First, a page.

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1.
J Food Sci ; 85(12): 4319-4326, 2020 Dec.
Artigo em Inglês | MEDLINE | ID: mdl-33175398

RESUMO

In many confectionery systems, an understanding of crystallization behavior is essential for proper control of product texture. While this knowledge is well developed in sucrose-based systems, there is little information on controlling crystallization in sugar-free systems, such as those formulated with sorbitol. By leveraging such advances in time domain-nuclear magnetic resonance (TD-NMR) methodology, the impact of mannitol and maltitol on modulating sorbitol crystal growth in sugar-free systems. Binary and ternary systems of sorbitol mixed with mannitol, maltitol, or a mixture thereof were evaluated at total impurity addition levels of 10% and 20%. Polyol mixtures were dissolved in water, evaporated to 10% moisture, and mixed with γ sorbitol seed crystals to create a sugar-free fondant. Fondants were crystallized at 25 °C, and crystal content was measured using TD-NMR over time. Crystal content increased rapidly at the start but quickly tapered off to a final asymptote indicating phase equilibrium. In all systems, the addition of impurities decreased the extent and rate of sorbitol crystallization, with mannitol having the greatest impact on rate. When both mannitol and maltitol were present as impurities, the rate of crystallization was reduced to a greater extent. At the highest level of mannitol, the final crystal content increased, presumably because mannitol also crystallized. PRACTICAL APPLICATION: Controlling sorbitol crystallization in the presence of impurities is a key to controlling quality in certain confections.

2.
J Food Sci ; 85(11): 3885-3898, 2020 Nov.
Artigo em Inglês | MEDLINE | ID: mdl-33063351

RESUMO

Although the ice phase greatly influences the properties of ice cream, other structural components also affect its rheological behavior, particularly after melting. In this study, mix viscosity (serum phase viscosity), extent of fat destabilization (FD), and overrun were manipulated to produce different microstructures. The effects of these structural components were evaluated on the rheological properties of the ice creams and melted ice creams. In oscillatory thermorheometry, mix viscosity and then overrun, influenced G' and tanδ below -10 °C. When ice phase decreased (between -10 and -2.7 °C), mix viscosity had reduced effects, but continued to strongly affect G' and tanδ, followed by FD, and with lower effects from overrun. When the ice phase was completely melted at 0 °C, FD had most influence on G' and tanδ, followed by overrun, and with lower effects from mix viscosity. In creep/recovery test, six-element model described well creep behavior of melted ice cream at 0 °C. Viscous behavior at lower shear rate (η0 0 °C) was most influenced by mix viscosity, followed by FD, and lower overrun effects. In stress growth measurement, transient behavior, represented by σY 0 °C, of melted matrix at 0 °C was most influenced by FD, followed by mix viscosity, with lower overrun effects. In flow ramp measurement, Hysteresis Area was most affected by mix viscosity, followed by overrun, and with lower FD effects. Moreover, correlation between Hyst 0 °C and tanδ Peak suggested that structure formation affected the magnitude of tanδ Peak. These results document the importance of microstructure on properties of melted ice cream. PRACTICAL APPLICATION: The understanding of how structural components, such as mix viscosity, fat destabilization, and overrun, affect the ice cream matrix can help manufacturers to control its rheological behavior. The influence of these structural components on the G', tanδ, η0 0 °C , σY 0 °C , and Hyst 0 °C can be also used to understand the structural rearrangements that occur in meltdown tests and sensory analyses for future studies. Therefore, elucidation of these mechanisms on the rheological properties can directly assist in quality control and new product development in the ice cream industry.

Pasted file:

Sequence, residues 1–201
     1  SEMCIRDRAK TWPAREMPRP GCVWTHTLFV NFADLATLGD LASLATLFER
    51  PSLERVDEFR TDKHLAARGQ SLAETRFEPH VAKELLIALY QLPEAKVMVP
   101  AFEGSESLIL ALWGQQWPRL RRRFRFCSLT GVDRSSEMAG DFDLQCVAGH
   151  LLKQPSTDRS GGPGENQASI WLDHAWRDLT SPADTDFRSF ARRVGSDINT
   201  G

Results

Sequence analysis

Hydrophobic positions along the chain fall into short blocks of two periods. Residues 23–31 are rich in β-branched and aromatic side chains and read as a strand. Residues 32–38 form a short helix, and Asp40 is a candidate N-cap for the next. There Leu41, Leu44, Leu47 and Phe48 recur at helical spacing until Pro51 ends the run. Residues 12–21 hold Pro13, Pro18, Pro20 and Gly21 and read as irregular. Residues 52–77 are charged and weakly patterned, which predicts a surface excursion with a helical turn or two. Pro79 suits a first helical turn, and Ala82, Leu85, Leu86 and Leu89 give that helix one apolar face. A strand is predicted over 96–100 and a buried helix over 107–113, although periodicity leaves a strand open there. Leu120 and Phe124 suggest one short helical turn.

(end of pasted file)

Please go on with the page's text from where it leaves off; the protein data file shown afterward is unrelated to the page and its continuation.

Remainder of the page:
3.
Soft Matter ; 16(23): 5506-5513, 2020 Jun 17.
Artigo em Inglês | MEDLINE | ID: mdl-32495759

RESUMO

Arrested, or partial, coalescence of viscoelastic emulsion droplets can occur when elastic resistance to deformation offsets droplet surface area minimization. Arrest is a critical element of food and consumer product microstructure and performance, but direct studies of structural arrest and rearrangement have been carried out using only two or three droplets at a time. The question remains whether the behavior of small numbers of droplets also occurs in larger, more realistic many-droplet systems. Here we study two-dimensional aggregation and arrested coalescence of emulsions containing ∼1000 droplets and find that the restructuring mechanisms observed for smaller systems have a large effect on local packing in multidroplet aggregates, but surprisingly do not significantly alter overall mass scaling in the aggregates. Specifically, increased regions of hexagonal packing are observed as the droplet solids level, and thus elasticity, is decreased because greater degrees of capillary force-driven restructuring are possible. Diffusion-limited droplet aggregation simulations that account for the restructuring mechanisms agree with the experimental results and suggest a basis for prediction of larger-scale network properties and bulk emulsion behavior.

4.
Rev. chil. nutr ; 47(1): 50-56, feb. 2020. tab, graf